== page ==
They have now blundered on into full on systemic contagion. Unhappy voters have lashed out and thrown out incumbents—the European Union and David Cameron in Britain, and the Bush-Clinton dynasties in America.

Unhappiness with the economy is at the very core of this. There has already been a quite voluminous debate about whether or not Trumpism and Brexitism were fuelled by economic anxiety or whether they are a traditionalist cultural backlash against minorities. Such debates present a false dichotomy. If Trumpism and Brexitism were not about the state of the economy, why did they not occur when the economy was strong? Why did they suddenly start rising after a financial crisis in the presence of a depressed economy—just as they did in the 1930s during the Great Depression? Hitler did not come to power when Germany was economically strong. Mussolini did not come to power when Italy was economically strong. The reality is that economic weakness and economic anxiety open the door to cultural backlash, to anti-immigrant sentiments, and ultimately to white supremacy. People who feel that the economy is bad are primed to listen to scapegoating. Immigrants, rising foreign powers, and establishment politicians like David Cameron and Hillary Clinton provide easy targets.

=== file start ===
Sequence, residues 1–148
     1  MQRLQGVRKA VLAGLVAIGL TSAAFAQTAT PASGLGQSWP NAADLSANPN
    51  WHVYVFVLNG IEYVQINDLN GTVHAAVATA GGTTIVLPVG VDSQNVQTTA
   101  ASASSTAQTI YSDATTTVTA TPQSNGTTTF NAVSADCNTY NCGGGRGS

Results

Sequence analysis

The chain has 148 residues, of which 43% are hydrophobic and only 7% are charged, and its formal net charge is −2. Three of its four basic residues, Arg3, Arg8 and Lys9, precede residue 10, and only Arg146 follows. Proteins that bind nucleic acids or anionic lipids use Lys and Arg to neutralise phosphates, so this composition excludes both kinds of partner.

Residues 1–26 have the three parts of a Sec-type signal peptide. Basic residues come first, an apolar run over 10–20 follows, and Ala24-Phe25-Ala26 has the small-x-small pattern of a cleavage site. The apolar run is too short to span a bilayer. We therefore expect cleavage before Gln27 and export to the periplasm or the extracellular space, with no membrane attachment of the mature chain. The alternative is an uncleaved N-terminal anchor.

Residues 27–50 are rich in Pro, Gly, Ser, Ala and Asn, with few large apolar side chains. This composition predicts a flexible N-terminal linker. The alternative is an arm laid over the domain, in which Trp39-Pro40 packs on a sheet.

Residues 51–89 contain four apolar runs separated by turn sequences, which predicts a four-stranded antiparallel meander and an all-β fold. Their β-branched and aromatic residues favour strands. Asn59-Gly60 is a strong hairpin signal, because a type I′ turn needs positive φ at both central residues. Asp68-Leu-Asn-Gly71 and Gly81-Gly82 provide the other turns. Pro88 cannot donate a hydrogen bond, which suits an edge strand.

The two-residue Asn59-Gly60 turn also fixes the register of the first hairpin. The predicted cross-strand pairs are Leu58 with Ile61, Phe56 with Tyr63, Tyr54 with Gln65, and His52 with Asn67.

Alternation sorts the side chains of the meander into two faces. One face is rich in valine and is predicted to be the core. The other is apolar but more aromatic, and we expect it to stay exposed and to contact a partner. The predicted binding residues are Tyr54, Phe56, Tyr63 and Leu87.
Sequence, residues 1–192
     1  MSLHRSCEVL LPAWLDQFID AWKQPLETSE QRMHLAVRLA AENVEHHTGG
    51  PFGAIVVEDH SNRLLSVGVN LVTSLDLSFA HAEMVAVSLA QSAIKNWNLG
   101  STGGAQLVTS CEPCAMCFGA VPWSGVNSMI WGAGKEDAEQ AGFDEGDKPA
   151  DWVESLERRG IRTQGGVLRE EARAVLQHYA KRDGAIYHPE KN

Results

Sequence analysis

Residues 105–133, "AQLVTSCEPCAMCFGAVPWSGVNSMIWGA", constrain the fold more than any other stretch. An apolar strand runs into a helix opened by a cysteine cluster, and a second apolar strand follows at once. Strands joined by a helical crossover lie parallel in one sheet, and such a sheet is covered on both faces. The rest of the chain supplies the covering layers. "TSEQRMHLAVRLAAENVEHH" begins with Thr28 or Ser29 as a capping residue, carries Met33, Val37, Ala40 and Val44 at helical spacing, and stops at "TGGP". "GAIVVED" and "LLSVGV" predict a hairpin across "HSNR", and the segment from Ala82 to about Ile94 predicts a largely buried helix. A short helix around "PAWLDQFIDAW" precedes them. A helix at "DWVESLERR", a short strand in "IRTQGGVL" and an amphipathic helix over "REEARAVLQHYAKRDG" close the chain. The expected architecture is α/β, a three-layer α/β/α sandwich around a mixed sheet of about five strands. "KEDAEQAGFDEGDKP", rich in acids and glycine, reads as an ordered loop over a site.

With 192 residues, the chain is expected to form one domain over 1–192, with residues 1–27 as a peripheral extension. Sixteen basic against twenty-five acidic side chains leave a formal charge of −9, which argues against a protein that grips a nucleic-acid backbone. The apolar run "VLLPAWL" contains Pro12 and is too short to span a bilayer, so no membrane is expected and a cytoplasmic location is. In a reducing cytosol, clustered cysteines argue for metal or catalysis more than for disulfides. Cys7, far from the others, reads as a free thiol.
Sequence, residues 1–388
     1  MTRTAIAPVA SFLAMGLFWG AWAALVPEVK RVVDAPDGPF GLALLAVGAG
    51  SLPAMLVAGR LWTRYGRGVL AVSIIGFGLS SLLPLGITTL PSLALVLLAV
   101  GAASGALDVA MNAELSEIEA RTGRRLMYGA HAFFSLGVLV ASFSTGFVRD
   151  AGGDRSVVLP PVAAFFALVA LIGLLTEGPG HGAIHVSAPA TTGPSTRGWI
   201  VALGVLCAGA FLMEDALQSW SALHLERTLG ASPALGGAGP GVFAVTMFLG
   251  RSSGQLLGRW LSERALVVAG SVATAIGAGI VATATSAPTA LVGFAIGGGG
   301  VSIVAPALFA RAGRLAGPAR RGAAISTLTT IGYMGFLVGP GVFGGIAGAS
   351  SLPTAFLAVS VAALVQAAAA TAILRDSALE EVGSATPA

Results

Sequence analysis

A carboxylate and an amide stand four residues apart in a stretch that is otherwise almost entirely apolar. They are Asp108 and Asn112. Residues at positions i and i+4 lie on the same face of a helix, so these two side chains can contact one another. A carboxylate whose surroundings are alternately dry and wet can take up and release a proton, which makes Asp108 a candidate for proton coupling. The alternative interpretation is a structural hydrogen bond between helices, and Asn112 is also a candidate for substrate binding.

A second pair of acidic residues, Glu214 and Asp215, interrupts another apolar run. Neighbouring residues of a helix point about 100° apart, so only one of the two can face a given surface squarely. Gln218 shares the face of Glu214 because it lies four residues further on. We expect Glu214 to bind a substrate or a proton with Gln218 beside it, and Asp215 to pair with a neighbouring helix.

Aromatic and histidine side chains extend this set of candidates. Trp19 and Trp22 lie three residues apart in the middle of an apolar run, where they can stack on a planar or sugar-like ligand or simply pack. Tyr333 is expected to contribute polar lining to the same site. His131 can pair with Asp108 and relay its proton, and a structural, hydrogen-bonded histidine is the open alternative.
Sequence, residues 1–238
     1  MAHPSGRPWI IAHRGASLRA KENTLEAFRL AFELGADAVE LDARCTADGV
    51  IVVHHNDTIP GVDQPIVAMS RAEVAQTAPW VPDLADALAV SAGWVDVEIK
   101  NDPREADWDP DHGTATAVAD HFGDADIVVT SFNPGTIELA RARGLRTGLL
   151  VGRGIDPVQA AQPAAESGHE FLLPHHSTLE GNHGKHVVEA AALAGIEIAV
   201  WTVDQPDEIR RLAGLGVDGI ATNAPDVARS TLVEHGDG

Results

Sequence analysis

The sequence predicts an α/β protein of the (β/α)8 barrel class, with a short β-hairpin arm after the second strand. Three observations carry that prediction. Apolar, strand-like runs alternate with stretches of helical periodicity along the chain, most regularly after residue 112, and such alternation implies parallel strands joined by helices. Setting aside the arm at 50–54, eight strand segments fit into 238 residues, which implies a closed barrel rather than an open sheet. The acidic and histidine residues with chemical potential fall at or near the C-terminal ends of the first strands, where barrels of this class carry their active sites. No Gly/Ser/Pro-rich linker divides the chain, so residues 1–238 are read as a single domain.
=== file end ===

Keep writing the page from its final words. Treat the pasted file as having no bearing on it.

However, even within the false dichotomy of anxiety vs backlash, there is substantial evidence that the Trumpist communities that were falling behind. A Gallup analysis in August of this year found that: “communities with worse health outcomes, lower social mobility, less social capital, greater reliance on social security income, and less reliance on capital income, predicts higher levels of Trump support”. Indeed, as Max Ehrenfreund and Jeff Guo of The Washington Post—who took the “it’s not economic anxiety” position—noted, “there does seem to be a relationship between economic anxiety and Trump’s appeal”, even if that relationship is not as simple as unemployed and poor people diving into Trump’s camp.